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reconnect parts of the city that have been interrupted by railway tracks and highways.This is consistent with strategies contained in NCPC’s Monumental Core Framework Plan, which looks similarly to reconnect areas of the city disconnected by transportationinfrastructure.
A policy has been added that pertains to the redevelopment of lands formerly owned bythe Federal government. The policy encourages the reconstruction of historic rights of way and reservations, integration of the sites into the adjoining neighborhoods and theenhancement of special characteristics or opportunities, and the inclusion of a mix of usesincluding cultural uses. The policy also encourages coordination with the NationalCapital Planning Commission as appropriate.
There are many policy amendments in the Act related to transportation. Theseamendments reflect a desire by the District of Columbia to encourage more transit-oriented development, the expansion of different modes of transportation includingstreetcar, bus rapid transit and bicycle and pedestrian networks. The policy amendmentscall for the implementation of the pedestrian master plan, the District of Columbia TourBus Management initiative, car and bicycle sharing programs and transportation demandmanagement strategies. These policies are appropriately broad supporting statements anddo not delve into specific design criteria such as propulsion technology for streetcars ordesign detail for bicycle lanes.
The Comprehensive Plan Amendment Act of 2010 includes many policy changes relatedto energy and the environment. The changes reflect the District’s support of the KyotoProtocol and the U.S. Conference of Mayors Climate Protection Agreement as well as theimplementation of the Green DC Agenda.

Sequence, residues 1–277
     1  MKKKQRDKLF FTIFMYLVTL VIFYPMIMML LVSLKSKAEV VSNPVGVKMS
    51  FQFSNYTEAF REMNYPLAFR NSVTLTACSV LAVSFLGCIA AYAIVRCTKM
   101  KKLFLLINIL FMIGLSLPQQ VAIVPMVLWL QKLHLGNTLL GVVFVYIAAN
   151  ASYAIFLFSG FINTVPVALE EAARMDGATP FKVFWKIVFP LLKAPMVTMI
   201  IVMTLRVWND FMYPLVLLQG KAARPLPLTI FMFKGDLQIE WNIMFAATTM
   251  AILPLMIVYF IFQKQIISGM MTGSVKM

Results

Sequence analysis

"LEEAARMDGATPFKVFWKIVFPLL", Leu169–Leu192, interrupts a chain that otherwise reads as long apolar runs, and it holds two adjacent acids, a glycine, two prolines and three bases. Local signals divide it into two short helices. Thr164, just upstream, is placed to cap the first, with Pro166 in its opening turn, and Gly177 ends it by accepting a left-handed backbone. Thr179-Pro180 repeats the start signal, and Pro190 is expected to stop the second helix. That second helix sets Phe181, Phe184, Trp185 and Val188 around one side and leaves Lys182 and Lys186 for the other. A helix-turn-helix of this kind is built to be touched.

A policy has been added that supports the linking of federal research and enterprises. Thepolicy looks to create partnerships to better link federal agencies that conduct researchwith local businesses to foster the commercialization and production of new technology,enterprise development and generation of patents in the District. This policy is consistentwith many activities that the Federal government, including NCPC, has undertaken tospur innovation clusters around Federal institutions. This type of initiative is beingutilized for the Department of Homeland Security headquarters project at St. Elizabethsin Southeast DC.
In April of 2010, the Capital Space plan was released as a parks and open space planninginitiative completed in partnership between NCPC, the National Park Service and theDistrict. Many of the policy amendments regarding parks and open space are reflective of Capital Space’s goals including the integration of Federal and District Athletic Fields andthe development of a shared database of small parks to foster better management.
For the H Street Overpass, the Comprehensive Plan amends policy 1511.12 Policy CH-2.1.7 which formerly stated that “t
he allowable height of any building constructed in the airrights should be measured from the existing grade of 1
Street or 2
Street NE, rather thanfrom the overpass.” This text is replaced with the language below: